Interesting experiments can be performed and fundamental physical relationships can be explored with so-called Super Balls or bouncy balls. An example is the determination of gravity g in an experiment. The basic idea behind this was described by Pape1 and Sprockhoff2: The initial and final heights and the complete duration of all the bounces are measured for a certain number of bounces by the ball. On the basis of this data, the acceleration of gravity can be approximately calculated if air drag on the ball is neglected. However, in practice, it becomes clear that measuring the height of the last bounce in the process is problematic. The person performing the experiment either has to make a good estimation of its height or film the bounce in front of a measuring stick. The method is based on the important assumption that each of the individual bounces of the ball loses the same percentage of mechanical energy; the coefficient of restitution k therefore remains the same.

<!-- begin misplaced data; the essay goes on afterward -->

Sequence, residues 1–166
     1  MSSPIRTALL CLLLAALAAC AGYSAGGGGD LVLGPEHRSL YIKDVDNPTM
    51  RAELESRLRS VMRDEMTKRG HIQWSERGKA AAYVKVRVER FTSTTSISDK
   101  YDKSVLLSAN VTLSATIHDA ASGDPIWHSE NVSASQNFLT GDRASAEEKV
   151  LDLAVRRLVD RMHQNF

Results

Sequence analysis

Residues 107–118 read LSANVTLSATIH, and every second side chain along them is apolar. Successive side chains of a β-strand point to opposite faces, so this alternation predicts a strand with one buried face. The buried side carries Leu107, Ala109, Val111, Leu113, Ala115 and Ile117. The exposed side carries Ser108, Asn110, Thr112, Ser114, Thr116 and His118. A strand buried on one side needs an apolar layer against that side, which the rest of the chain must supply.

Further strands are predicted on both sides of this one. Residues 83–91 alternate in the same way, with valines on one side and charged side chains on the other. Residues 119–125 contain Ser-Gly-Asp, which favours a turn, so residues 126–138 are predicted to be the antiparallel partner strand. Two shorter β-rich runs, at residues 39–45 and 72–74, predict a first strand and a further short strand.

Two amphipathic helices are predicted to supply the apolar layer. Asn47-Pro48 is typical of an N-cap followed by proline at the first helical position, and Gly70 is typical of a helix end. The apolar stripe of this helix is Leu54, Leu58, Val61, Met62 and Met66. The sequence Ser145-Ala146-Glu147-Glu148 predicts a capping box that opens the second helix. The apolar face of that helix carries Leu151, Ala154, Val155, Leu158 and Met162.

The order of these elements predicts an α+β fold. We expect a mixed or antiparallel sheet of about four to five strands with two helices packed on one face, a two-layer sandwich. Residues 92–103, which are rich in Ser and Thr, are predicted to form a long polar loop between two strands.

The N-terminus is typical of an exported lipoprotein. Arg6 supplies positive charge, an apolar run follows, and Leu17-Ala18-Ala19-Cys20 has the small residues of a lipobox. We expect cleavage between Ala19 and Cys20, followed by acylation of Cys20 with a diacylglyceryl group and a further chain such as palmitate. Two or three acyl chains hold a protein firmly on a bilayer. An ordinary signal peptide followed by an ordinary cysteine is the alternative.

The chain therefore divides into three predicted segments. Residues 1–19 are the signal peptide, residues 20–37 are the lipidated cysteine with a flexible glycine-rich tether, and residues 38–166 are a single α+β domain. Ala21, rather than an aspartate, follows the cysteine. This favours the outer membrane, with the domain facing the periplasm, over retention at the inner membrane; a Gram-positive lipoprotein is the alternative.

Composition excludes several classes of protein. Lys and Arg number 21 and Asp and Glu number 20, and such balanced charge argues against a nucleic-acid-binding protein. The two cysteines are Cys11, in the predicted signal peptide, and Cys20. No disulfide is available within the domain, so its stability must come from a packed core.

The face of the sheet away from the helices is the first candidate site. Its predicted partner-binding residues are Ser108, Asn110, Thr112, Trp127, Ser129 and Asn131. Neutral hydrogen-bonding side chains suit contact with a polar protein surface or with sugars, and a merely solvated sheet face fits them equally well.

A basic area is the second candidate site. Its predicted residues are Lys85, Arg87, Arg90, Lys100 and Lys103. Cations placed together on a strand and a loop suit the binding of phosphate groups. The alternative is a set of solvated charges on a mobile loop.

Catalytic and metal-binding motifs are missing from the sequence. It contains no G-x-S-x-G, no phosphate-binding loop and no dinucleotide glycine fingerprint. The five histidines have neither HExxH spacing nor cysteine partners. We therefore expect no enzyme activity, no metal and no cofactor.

Alternatively, a commercial measuring system or a free sound editor (e.g., Audacity) can be used to make the acoustic recordings.
The kinetic energies and between two subsequent impacts behave like the squares of the impact velocities, and the rise and fall times of the ball are given with . Thereby we measure the time between two impacts, i.e., .